Lily Tomlin, Gloria Allred, Marta Kauffman and top creatives called on entertainment companies to implement stronger health and safety protections for employees working in states that have banned or criminalized abortion on a reproductive health picket for Amazon Studios on Friday.
“Our message to the studios is this: it is not acceptable to wait for someone to die to take this seriously. It is unacceptable to force people who are pregnant or may become pregnant to have to choose between their jobs and their lives,” said writer-producer Cindy Chupack (Fleishman is in trouble, Sex and the city) in a speech at the Culver Studios White Pillar event. “And Amazon, maybe instead of figuring out how drones can safely fly our packages to our doorstep, you could figure out how a medevac can safely fly our crew members to a hospital.”
Kirsten Schaffer, CEO of Women in Film, added in her own comments to the crowd: “The work we do would be impossible without access to abortion and reproductive health care in general. Many if not most of us wouldn’t be able to do the work we do without knowing we have that access.”
The event was organized as a special picket within the ongoing writers’ strike and fell a day after the release of a “after-Roe reportwhich details major corporations’ reproductive health care policies and reproductive health and safety hotline functions a year later Roe against Wade was overthrown. The “report card,” released Thursday, found that few studio-provided hotlines can help their employees access emergency medical care, for example. None of the studios covered by the report provided “emergency measures necessary to access care” if an employee works in a state that prohibits or criminalizes abortion and needs emergency reproductive care.
The group behind the picket, dubbed “Showrunners for Abortion Rights,” was formed in the wake of the Supreme Court’s decision to Roe against Wade in June 2022. Composed of creatives including Shonda Rhimes, Ava DuVernay, Natasha Lyonne and Issa Rae, the group reportedly sought to push hundreds of studios and streamers to implement stricter protocols for their employees in states such as Tennessee, Alabama and Texas, who have banned abortions. The group has since grown into a coalition of about 1,400 creatives, including showrunners, TV makers and directors, and a steering committee of about 40 organized Friday events.
According to Friends And Grace and Frankie co-creator Marta Kauffman, a member of the Showrunner Coalition, many of the reproductive health resources cited in the group’s report were a “direct result of Showrunners for Abortion Rights and specifically the delegates working with all studios went to talk.” (Thirty-five showrunners with influence over individual studios volunteered to serve as “deputies,” lobbying those respective companies to expand their resources over the past year.)
Working with powerful industry creatives has been a key part of the group’s strategy, Chupack explains in an interview with The Hollywood Reporter“That was part of our push on the studios, to say your work will be reported to this very influential group of people that you want to work with.”
Kauffman added THR that she hoped the picket would let the industry know that “we’re not going to face it”. She explained, “We’re not going to stand up for the women and the people with wombs, as Gloria (Allred) said, who are at risk just because they want to work. This is a discrimination issue.”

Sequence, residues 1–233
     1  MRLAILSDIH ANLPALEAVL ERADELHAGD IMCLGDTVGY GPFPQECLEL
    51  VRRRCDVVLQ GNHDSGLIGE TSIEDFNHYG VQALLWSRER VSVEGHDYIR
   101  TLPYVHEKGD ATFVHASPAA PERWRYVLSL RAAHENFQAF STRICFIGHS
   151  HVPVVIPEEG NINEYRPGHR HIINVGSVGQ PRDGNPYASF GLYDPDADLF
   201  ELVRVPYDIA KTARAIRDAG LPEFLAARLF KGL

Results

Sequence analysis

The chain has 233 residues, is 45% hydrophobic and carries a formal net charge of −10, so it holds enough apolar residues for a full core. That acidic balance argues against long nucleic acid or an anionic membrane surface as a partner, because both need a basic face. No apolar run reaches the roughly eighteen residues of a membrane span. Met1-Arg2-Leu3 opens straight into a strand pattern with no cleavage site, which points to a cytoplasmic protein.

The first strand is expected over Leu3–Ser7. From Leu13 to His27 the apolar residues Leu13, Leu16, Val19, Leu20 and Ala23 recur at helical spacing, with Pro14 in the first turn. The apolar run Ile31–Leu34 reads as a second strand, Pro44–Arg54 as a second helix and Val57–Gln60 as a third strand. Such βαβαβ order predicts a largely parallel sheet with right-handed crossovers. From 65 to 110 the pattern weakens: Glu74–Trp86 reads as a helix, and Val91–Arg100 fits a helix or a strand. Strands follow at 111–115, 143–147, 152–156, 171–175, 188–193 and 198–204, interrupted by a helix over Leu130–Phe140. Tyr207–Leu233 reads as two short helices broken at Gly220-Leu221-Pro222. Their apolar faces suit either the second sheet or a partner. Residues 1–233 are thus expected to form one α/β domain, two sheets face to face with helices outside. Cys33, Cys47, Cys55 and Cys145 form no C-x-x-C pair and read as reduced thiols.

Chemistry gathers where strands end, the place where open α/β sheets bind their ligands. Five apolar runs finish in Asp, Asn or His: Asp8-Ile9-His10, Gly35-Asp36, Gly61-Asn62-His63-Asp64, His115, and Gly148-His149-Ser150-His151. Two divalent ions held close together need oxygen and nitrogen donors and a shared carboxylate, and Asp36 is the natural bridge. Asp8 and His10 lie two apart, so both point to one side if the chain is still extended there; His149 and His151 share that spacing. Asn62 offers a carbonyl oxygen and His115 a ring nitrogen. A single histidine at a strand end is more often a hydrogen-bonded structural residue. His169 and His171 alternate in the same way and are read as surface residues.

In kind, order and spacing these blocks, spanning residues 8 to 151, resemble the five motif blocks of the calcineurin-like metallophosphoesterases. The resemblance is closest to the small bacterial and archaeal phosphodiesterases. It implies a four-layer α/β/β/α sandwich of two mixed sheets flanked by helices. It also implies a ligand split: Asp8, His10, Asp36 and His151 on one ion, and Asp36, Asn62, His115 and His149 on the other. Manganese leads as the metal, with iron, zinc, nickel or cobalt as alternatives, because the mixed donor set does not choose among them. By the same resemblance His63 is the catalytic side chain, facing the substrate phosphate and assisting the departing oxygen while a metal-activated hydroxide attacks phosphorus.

Several of the day’s speakers encouraged the writers in attendance to acknowledge abortion — and barriers to reproductive health care in general — in their scripts. Lily Tomlin told those in attendance, “You, the storytellers, no longer have to imagine a world like The Handmaid’s Talebecause we’re pretty close to that now. What you do need to do is tell the stories of what women across the country are facing.” She added, referring to studios and streamers currently deadlocked with the Writers Guild of America over a new contract: “Hope those guys get off their asses and let you do that sooner rather than later tell those stories . ”
Actor Brandee Evans, who plays a character in Starz’s P valley who helps her daughter access an abortion, said she personally had no serious reproductive health problems in the past and had suffered a stillbirth. “We are here today to beg you to please make this achievable and visible to all,” she told the writers. “That means you have to write it. That means the showrunners have to put it on their shows. Networks need to be open to showing that.”
Towards the end of the day, high-profile lawyer Allred took the stage. She called for more action by entertainment industry unions, not just employers. Acknowledging that this could be a “controversial” position, Allred said: “I think that SAG-AFTRA, the Directors Guild, the Producers Guild, the Writers Guild, the technical and craft guilds should not participate in making films in states that ban movies. abortions. I think we should demand that our unions protect our fragile wombs.” In the wake of Roe against Wade After being overturned in 2022, several unions — including the DGA and WGA — have expanded their coverage of abortion services, though they have not taken a position against production in specific states.
In addition to speeches, the picket featured a number of musical acts – Ella Jay Basco and The Sibs and Susanna Hoffs, among others – and food (sandwiches, cupcakes, coffee and smoothies) donated by the Ronin Project Podcast, Jennie Snyder Urman, Aline Brosh McKenna and Rachel Bloom.
As the event drew to a close, members of Showrunners for Abortion Rights said their advocacy will continue. The studio’s report “showed all the gains we’ve made I think working with the studios, but also what’s left to do, and that’s really the emergency reproductive part,” Chupack said. Kauffman added, “We’re not done yet.”